Health outcomes research plays a key role in promoting a patient’s quality of life and has become increasingly popular for healthcare professionals working to improve the quality of care. It reveals the value of health data through large-scale analytics, showing what works for whom and at what cost.
Read on to learn about the importance of health outcomes research and its connection to real-world evidence.
What are health outcomes?
Health outcomes are changes in health as a result of a specific healthcare intervention.
According to Kristin Kostka, director of the OHDSI Center at Northeastern University’s Roux Institute, “Anything that happened to you that describes your health state could be considered a potential health outcome.”
For instance, will getting the Johnson & Johnson one-dose vaccine keep me from getting severe COVID, or will diet and exercise help me live longer? These are examples of health outcomes.
What is health outcomes research?
Health outcomes research, sometimes called health economics or outcomes research, is the methodology used to measure the results of various healthcare interventions. Simply put, it helps determine what works and what doesn’t. The objective of health outcomes research is to improve health-related quality of life.
Health outcomes research can come from a variety of sources:
- Clinical observations from clinical trials
- Patient-reported outcomes from patients’ own observations and experiences
- Financial impacts of what the financial outcomes are
- Measurable data, such as mortality rates and other measurable outcomes
Why is health outcomes research important?
Health outcomes research is an important part of working to prevent adverse medical events and reduce a patient’s risk of harm.
“A lot of the time we’re reactive, but good, systematic, large-scale health outcomes research is the framework for how we improve health outcomes overall,” Kostka says.
The data collected allows both researchers and consumers to have good information to work with regarding the best quality of care.
Health outcomes research and real-world evidence
So how does health outcomes research connect to real-world evidence? According to the U.S. Food and Drug Administration (FDA), real-world evidence (RWE) is the culmination of clinical evidence regarding the usage and potential benefits or risks of a procedure or medical product derived from analysis of real-world data. Health outcomes research and RWE work together by turning the data into evidence.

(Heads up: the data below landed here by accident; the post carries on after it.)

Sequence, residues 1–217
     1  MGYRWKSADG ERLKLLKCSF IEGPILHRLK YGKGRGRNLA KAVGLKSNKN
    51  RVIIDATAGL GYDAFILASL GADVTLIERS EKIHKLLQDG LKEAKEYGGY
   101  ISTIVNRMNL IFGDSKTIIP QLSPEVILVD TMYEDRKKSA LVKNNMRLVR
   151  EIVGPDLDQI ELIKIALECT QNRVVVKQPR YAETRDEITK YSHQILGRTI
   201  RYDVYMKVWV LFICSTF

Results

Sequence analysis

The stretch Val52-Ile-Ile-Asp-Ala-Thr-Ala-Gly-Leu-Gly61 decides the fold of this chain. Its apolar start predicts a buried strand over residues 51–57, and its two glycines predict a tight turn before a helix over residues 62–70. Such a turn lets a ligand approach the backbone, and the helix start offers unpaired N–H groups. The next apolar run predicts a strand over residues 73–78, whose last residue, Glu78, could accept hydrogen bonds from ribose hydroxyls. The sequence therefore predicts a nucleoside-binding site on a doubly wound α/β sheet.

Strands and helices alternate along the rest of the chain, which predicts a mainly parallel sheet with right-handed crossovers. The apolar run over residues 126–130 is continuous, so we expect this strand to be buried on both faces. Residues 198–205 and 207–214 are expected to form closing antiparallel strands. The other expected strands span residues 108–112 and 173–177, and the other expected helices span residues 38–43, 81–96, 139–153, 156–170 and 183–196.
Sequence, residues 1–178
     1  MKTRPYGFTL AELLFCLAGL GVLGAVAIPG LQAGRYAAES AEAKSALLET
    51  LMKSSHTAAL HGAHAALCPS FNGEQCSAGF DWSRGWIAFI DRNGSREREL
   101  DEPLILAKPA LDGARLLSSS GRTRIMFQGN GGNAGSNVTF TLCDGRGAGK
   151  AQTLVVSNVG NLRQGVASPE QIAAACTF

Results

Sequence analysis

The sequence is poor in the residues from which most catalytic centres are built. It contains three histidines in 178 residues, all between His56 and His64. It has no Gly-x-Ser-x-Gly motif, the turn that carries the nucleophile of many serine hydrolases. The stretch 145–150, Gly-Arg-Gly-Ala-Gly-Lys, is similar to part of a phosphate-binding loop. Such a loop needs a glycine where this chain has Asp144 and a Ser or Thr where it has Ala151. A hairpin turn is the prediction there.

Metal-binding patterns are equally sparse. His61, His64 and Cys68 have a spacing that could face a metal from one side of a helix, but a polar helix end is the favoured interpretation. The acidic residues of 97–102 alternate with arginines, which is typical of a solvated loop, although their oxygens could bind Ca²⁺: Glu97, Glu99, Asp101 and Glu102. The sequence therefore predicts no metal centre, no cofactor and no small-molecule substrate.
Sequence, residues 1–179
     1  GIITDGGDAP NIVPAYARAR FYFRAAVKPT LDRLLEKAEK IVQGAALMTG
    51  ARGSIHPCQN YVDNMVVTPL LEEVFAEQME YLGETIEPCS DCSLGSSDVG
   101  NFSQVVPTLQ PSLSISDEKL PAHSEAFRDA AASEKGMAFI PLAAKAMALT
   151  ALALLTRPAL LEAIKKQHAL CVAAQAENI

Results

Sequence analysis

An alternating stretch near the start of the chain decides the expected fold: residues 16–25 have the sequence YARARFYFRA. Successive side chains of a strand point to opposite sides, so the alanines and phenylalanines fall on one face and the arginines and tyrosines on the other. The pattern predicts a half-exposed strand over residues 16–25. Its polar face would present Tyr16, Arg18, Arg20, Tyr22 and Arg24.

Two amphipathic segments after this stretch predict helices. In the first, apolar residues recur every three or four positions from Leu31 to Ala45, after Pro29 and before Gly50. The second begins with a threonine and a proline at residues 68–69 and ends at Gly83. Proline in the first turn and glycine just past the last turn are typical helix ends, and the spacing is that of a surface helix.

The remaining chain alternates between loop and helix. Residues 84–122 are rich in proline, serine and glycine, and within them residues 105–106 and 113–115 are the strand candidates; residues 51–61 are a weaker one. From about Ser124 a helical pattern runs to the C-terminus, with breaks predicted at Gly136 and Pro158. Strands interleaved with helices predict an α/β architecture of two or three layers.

“It’s the rigor and process by which health outcomes researchers take information generated by patients or in their routine healthcare services and turn that into a rigorously validated piece of information that can be used for decision making,” Kostka notes.
Kostka explains that doesn’t mean health outcomes research doesn’t inform decision making, but generally, RWE indicates that something can pass a regulatory grade assessment, which is a stringent bar. For example, in the context of therapies on market: are they working, not working; is it safe, not safe?
Health outcomes researchers could be looking at a whole number of other things like disability research or social determinants of health. While not all of these get turned into evidence, they’re still important to know.
Is a career in health outcomes research for you?
Now that you’ve learned more about health outcomes research and how it relates to real-world evidence, are you interested in becoming a health outcomes researcher? If so, Northeastern can help.
Most health outcomes researcher jobs—roughly 66 percent—require at least a master’s degree. If you’re ready to get started in this exciting field, consider Northeastern’s Master of Science in Real-World Evidence in Healthcare and Life Sciences.